However, if this process consumes us, Satan can gain the upper hand, keeping us preoccupied with our failures rather than with Christ's pardon and power. The apostles called people to cleanse their hearts before God and then move on to faith and the fullness of the Holy Spirit.
Look Away to Jesus
Joshua's final instruction is stated very simply: "Be very careful to love the Lord your God" (Josh. 23:11). Our gaze must always be upon Him, for He is the one who will perform everything.
Satan wants us to focus on the problem, not the Provider. If we stop spending time with the Lord in prayer, the concerns of the physical world snatch our attention while the spiritual senses deaden and the promises fade.
The number one reason Christians today don't pray more is that we do not grasp the connection between prayer and the promises of God. We are trying in vain to pray "because we're supposed to" without a living faith in the promises of God concerning prayer.
When real faith in God arises, a certainty comes that when we call, He will answer. Soon we find ourselves seeking Him for wayward children to be saved, for a greater sense of the Holy Spirit in our church services and for spiritual gifts and power to be released.
Strength to keep believing often flows into us as we just take time to wait in God's presence and worship Him. His promises become wonderfully alive as the Spirit applies them to our hearts.
God Is Waiting for You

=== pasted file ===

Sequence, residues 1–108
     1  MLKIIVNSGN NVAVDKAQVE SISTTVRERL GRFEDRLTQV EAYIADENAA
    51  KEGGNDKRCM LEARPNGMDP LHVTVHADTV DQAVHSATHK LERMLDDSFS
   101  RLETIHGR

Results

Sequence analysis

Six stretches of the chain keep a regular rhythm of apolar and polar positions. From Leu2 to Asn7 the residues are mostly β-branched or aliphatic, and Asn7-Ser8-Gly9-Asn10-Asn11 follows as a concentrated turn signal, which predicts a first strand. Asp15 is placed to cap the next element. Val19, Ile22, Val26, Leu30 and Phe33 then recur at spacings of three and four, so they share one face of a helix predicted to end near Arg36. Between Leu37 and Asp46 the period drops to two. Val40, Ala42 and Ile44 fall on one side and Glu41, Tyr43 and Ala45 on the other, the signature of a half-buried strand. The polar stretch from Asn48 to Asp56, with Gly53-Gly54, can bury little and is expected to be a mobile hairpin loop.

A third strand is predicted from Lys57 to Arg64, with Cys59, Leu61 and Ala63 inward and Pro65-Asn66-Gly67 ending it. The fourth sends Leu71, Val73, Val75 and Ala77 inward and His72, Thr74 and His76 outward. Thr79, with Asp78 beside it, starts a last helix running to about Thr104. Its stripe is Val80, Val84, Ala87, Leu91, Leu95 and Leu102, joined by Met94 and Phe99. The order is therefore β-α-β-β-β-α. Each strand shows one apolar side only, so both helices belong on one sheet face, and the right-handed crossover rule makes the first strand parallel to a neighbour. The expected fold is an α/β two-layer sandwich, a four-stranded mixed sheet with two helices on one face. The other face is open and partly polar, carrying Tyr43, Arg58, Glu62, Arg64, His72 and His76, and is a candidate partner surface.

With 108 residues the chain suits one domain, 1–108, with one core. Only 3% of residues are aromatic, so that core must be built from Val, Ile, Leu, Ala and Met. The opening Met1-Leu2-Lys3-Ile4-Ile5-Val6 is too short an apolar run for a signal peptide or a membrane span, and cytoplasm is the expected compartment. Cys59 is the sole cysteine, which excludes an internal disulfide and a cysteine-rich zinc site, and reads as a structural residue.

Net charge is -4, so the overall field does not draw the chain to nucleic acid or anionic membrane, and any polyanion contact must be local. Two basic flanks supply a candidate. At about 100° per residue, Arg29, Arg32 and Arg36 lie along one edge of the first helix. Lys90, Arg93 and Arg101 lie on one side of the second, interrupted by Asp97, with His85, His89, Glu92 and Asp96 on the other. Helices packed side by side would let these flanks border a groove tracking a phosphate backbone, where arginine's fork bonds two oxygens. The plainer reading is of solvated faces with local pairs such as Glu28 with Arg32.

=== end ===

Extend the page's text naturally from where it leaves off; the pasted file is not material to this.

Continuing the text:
Let us not be hesitant about trusting God. What really matters isn't our efforts, but the wonderful truth that God is a faithful God (Heb. 10:22-23).
It is not what happens to people that makes for tragedy in their lives; it is the missed opportunities to see God help them due to their unbelief that is the real tragedy.
Joshua must have had God's faithfulness in mind when he ended his speech that day with this great crescendo: "You know with all your heart and soul that not one of all the good promises the Lord your God gave you has failed. Every promise has been fulfilled; not one has failed" (Josh. 23:14).
We, too, can finish our race in life with the same powerful declaration. Only keep believing in the God whose promises are forever true.
Jim Cymbala has been pastor of the Brooklyn Tabernacle since 1972. He is co-author with Dean Merrill of Fresh Wind, Fresh Fire. He lives in New York with his wife, Carol, who directs the Grammy Award-winning Brooklyn Tabernacle Choir. Dean Merrill assisted in the writing of this article.